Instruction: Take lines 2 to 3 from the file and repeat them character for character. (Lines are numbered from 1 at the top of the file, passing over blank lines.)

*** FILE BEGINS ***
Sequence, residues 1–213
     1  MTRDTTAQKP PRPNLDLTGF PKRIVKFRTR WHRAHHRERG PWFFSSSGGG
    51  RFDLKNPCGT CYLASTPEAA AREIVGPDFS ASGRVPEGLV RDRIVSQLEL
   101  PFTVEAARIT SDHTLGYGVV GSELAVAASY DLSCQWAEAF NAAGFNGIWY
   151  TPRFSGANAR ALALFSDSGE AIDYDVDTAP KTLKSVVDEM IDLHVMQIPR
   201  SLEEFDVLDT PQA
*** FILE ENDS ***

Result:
     1  MTRDTTAQKP PRPNLDLTGF PKRIVKFRTR WHRAHHRERG PWFFSSSGGG
    51  RFDLKNPCGT CYLASTPEAA AREIVGPDFS ASGRVPEGLV RDRIVSQLEL